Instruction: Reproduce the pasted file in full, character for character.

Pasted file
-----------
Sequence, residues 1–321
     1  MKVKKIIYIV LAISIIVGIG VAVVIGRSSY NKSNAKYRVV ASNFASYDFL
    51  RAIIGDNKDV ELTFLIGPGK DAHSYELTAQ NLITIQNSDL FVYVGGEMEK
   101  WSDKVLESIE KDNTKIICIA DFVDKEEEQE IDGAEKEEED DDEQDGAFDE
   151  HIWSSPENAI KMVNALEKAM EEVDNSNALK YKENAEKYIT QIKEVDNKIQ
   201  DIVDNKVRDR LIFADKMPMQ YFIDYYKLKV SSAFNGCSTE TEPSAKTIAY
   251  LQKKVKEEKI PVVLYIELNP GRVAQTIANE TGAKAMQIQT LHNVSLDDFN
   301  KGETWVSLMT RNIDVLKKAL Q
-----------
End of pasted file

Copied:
Sequence, residues 1–321
     1  MKVKKIIYIV LAISIIVGIG VAVVIGRSSY NKSNAKYRVV ASNFASYDFL
    51  RAIIGDNKDV ELTFLIGPGK DAHSYELTAQ NLITIQNSDL FVYVGGEMEK
   101  WSDKVLESIE KDNTKIICIA DFVDKEEEQE IDGAEKEEED DDEQDGAFDE
   151  HIWSSPENAI KMVNALEKAM EEVDNSNALK YKENAEKYIT QIKEVDNKIQ
   201  DIVDNKVRDR LIFADKMPMQ YFIDYYKLKV SSAFNGCSTE TEPSAKTIAY
   251  LQKKVKEEKI PVVLYIELNP GRVAQTIANE TGAKAMQIQT LHNVSLDDFN
   301  KGETWVSLMT RNIDVLKKAL Q